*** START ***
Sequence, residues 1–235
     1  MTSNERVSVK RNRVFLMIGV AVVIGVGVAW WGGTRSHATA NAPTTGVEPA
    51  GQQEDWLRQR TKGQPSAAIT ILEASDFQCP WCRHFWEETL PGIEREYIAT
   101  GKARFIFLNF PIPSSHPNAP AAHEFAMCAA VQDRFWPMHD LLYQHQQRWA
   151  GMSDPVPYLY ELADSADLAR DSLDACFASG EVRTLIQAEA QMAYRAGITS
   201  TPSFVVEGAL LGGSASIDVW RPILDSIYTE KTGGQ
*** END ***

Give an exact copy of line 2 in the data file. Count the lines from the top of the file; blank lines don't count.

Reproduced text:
     1  MTSNERVSVK RNRVFLMIGV AVVIGVGVAW WGGTRSHATA NAPTTGVEPA